10 results in English
Ismāʻīl, the Persian Ambassador of Ṭahmāsp, King of Persia
Melchior Lorck, or Lorichs (1527–circa 1590), was the most brilliant graphic artist in 16th-century Denmark. He was born in Flensburg of distinguished parents; the Danish kings took up residence in the Lorck house when visiting the city. In 1549 King Christian III gave Lorck financial support to go on an educational journey. Lorck’s wanderlust led him throughout Europe and in the end to Vienna, where he gained employment with Emperor Charles V. From 1555 to 1559 Lorck was one of three ambassadors sent by the emperor to Constantinople ...
Ayub’s Ambassadors from Herat, 1881
This photograph of the ambassadors appointed by Ghazi Mohammad Ayūb Khān (1857–1914) is from an album of rare historical photographs depicting people and places associated with the Second Anglo-Afghan War. Ayūb Khān was the son of the deposed Afghan amir, Sher ʻAlī Khān (1825–79), and cousin of the future amir, Abd al-Raḥmān Khān (1844–1901). He won a significant Afghan victory at the Battle of Maiwand in July 1880, only to be decisively defeated by Sir Frederick Roberts (1832–1914) at the Battle of Kandahar two months later ...
Contributed by Library of Congress
Vice President Hannibal Hamlin
Hannibal Hamlin (1809‒91) of Maine served as vice president to President Abraham Lincoln in 1861‒65 and was the first U.S. vice president from the Republican Party. He served in the U.S. Senate as a Democrat from 1848 to 1857, but broke with his party over the issue of slavery. He was replaced by Andrew Johnson on the Republican ticket for the election of 1864, and thus did not become president when Lincoln was assassinated in April 1865. After the war, Hamlin returned to the Senate (1869 ...
Washington Irving
Washington Irving (1783‒1859) was one of the most widely read American authors of his day, and one of the first to be recognized in Europe for his works of fiction. Born in New York City of Scottish and Cornish ancestry, Irving frequently wrote about old New York (New Amsterdam) and the Hudson Valley under the original Dutch settlers, at first by creating a literary persona, the fictional Dutchman “Diedrich Knickerbocker.” His most famous work, The Sketch-Bookof Geoffrey Crayon (1819‒20), purportedly by another persona, contained the famous “Rip ...
The Photographic Album
The Photographic Album is an album of portraits by the famous American photographer Matthew Brady (circa 1823‒96) that belonged to Emperor Pedro II of Brazil (1825‒91), a collector of photography as well as a photographer himself. The album was a gift to the emperor from Edward Anthony (1818‒88), another early American photographer who, in partnership with his brother, owned a company that in the 1850s became the leading seller of photographic supplies in the United States. Dom Pedro may have acquired the album during a trip to ...
Caleb Cushing
Caleb Cushing (1800‒1879) was born in Salisbury, Massachusetts, the son of a shipmaster and merchant. In 1802 he moved with his family to Newburyport, Massachusetts, a town with which he had a lifelong association. He was educated at Harvard College and Harvard Law School, practiced law, wrote several books, and became a close associate of Daniel Webster, a prominent lawyer and future secretary of state. After several unsuccessful tries, Cushing was elected to the U.S. Congress in 1834, where he served four terms. In 1843‒44 he undertook ...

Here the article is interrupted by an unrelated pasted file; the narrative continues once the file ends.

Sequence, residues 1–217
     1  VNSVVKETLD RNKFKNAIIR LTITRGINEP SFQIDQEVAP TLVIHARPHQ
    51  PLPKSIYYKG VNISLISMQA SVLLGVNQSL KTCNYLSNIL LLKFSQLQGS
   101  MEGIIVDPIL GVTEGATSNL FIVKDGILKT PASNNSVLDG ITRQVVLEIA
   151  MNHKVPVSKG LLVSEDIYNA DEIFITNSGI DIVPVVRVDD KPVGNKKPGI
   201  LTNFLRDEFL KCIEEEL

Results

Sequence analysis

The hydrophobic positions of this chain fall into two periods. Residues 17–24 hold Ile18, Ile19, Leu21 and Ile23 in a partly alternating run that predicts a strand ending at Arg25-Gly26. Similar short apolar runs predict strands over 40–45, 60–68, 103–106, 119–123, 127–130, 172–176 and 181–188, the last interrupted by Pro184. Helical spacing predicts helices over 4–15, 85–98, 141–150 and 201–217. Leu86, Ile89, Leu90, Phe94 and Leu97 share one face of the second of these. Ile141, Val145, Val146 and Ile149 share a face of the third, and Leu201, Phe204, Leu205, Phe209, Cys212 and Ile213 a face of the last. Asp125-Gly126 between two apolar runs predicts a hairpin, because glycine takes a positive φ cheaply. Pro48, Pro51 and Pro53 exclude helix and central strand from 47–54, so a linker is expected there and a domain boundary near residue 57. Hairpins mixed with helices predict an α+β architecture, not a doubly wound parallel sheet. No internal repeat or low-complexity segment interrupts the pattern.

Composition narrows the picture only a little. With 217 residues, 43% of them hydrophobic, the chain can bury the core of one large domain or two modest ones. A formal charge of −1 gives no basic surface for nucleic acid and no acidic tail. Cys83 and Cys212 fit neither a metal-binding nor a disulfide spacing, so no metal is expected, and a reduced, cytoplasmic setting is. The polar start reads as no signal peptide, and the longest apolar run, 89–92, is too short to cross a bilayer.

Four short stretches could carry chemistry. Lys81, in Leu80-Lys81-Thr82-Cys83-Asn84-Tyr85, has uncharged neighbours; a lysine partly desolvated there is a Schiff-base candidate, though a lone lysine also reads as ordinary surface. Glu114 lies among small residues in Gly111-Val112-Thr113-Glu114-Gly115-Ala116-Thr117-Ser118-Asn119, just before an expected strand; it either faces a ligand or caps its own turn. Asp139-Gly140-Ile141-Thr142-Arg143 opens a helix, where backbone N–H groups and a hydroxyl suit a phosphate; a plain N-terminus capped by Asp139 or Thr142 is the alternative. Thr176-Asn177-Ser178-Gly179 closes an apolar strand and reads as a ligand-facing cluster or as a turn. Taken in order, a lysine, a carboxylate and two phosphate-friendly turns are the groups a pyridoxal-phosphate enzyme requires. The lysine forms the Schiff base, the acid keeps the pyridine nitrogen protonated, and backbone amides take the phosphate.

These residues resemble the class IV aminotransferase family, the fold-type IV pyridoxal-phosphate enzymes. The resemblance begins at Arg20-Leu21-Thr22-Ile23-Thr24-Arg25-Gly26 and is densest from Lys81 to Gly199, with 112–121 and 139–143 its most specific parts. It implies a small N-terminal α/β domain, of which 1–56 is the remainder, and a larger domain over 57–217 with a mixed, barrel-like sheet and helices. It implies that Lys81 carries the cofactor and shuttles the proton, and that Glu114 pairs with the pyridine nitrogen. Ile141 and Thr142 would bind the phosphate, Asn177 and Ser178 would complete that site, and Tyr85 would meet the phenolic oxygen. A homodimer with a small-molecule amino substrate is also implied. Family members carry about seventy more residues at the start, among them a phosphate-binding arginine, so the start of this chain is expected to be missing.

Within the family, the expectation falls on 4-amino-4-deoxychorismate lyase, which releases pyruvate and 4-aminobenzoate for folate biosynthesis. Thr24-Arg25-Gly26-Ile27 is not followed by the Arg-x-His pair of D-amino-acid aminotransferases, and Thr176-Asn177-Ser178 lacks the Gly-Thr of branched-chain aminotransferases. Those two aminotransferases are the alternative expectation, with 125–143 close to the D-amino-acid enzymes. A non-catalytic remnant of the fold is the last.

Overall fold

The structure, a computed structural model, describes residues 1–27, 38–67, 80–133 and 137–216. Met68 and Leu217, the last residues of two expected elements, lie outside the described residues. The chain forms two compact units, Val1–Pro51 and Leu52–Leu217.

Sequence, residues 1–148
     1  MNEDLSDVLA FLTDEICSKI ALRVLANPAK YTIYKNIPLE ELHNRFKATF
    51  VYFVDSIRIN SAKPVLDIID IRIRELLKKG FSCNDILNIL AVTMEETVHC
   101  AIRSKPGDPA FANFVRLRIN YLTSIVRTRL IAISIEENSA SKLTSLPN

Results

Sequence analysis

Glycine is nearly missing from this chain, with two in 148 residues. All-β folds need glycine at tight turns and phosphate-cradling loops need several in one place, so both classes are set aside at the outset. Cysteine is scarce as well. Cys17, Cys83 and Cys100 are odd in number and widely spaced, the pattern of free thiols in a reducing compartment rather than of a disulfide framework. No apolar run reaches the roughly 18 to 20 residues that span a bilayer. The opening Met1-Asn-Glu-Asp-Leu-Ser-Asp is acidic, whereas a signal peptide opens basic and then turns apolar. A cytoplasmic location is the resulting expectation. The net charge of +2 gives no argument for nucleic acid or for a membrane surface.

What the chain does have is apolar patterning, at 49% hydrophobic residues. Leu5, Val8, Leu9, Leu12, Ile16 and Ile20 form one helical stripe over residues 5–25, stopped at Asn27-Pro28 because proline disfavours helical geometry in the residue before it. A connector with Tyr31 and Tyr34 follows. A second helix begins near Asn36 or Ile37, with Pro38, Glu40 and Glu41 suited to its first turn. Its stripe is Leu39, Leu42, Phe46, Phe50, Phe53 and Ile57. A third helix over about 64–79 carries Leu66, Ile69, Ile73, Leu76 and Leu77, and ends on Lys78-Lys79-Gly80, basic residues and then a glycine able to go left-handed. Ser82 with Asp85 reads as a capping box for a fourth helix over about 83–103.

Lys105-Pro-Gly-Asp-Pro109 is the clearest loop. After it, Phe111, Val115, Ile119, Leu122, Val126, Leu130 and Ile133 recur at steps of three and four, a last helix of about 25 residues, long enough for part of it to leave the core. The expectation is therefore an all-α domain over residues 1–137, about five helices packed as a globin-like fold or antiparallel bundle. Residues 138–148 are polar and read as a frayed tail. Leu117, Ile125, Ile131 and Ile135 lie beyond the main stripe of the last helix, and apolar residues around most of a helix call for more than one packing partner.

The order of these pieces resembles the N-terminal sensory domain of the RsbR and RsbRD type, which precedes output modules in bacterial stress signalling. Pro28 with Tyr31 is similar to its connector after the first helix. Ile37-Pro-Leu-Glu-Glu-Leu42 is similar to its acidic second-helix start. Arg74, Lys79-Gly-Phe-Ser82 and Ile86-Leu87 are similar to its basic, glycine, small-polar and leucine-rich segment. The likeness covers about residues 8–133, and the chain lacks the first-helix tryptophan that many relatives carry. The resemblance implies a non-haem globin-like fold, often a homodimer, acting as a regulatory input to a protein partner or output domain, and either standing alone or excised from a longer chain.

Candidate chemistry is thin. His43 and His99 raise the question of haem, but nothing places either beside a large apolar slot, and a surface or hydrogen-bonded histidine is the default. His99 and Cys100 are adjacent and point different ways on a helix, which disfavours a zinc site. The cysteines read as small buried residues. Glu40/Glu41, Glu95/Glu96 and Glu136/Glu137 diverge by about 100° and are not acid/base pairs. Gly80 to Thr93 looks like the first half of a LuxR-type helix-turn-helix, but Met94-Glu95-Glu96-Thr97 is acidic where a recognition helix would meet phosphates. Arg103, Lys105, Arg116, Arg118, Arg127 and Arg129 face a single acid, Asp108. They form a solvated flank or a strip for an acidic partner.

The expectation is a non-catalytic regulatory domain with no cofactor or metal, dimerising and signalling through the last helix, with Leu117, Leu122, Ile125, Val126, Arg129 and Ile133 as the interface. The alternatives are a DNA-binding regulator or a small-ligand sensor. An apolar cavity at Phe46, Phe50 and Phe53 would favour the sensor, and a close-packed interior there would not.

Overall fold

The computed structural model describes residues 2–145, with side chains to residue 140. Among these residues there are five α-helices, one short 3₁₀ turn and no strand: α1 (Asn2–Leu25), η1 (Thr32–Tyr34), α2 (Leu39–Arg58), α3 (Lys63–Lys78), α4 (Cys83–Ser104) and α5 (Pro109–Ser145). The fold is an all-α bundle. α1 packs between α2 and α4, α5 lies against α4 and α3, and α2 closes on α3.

Secretary of War Simon Cameron
Simon Cameron (1799‒1889) was a Pennsylvania newspaper editor and politician who served as the first secretary of war in the cabinet of President Abraham Lincoln. He was born in Maytown, Pennsylvania and orphaned at age nine. Despite limited education, he gained a position as an apprentice printer and gradually rose to become editor of the Bucks County Messenger. Using his position in the press as a springboard, he became active in Pennsylvania state politics and served in the United States Senate from 1845 to 1849. Originally a Democrat, he ...
Minister to Mexico Thomas Corwin
Thomas Corwin (1794–1865) was a politician who was famous for his opposition to the Mexican War (1846–48). He was born in Bourbon County, Kentucky, and raised on his family’s farm in Lebanon, Ohio, from 1798. He practiced law in Ohio and was twice elected as state representative. He joined the Whig party in 1830 and was elected to the U.S. House of Representatives for five consecutive terms, where he consistently supported the fiscal policies of Henry Clay. He was dubbed “the Wagon Boy” and “the Terror ...
Minister to Russia Cassius Marcellus Clay
Cassius Marcellus Clay (1810–1903) was an American diplomat and Union general in the American Civil War. Born in White Hall, Kentucky, he graduated from Yale College and served in the Mexican War (1846–48). He was a staunch abolitionist and reformer from the South who often had to defend his life and assets against threats by slaveholding interests. During the Civil War, he served as the U.S. minister to Russia from 1861 to 1862 and again from 1863 to 1869. He is credited with gaining Russian support for ...
British Minister to the United States Richard Lyons
Richard Bickerton Pemell Lyons (1817–87) was a British naval officer and diplomat. He was the British minister in Washington, DC, during the American Civil War. He is most famous for conducting the negotiations between the United States and Great Britain during the Trent affair, which in 1861 nearly brought war between the two countries. Confederate diplomats James Murray Mason and John Slidell were on their way to Europe aboard the British mail steamer Trent when the ship was intercepted by U.S. naval forces. Mason and Slidell were detained ...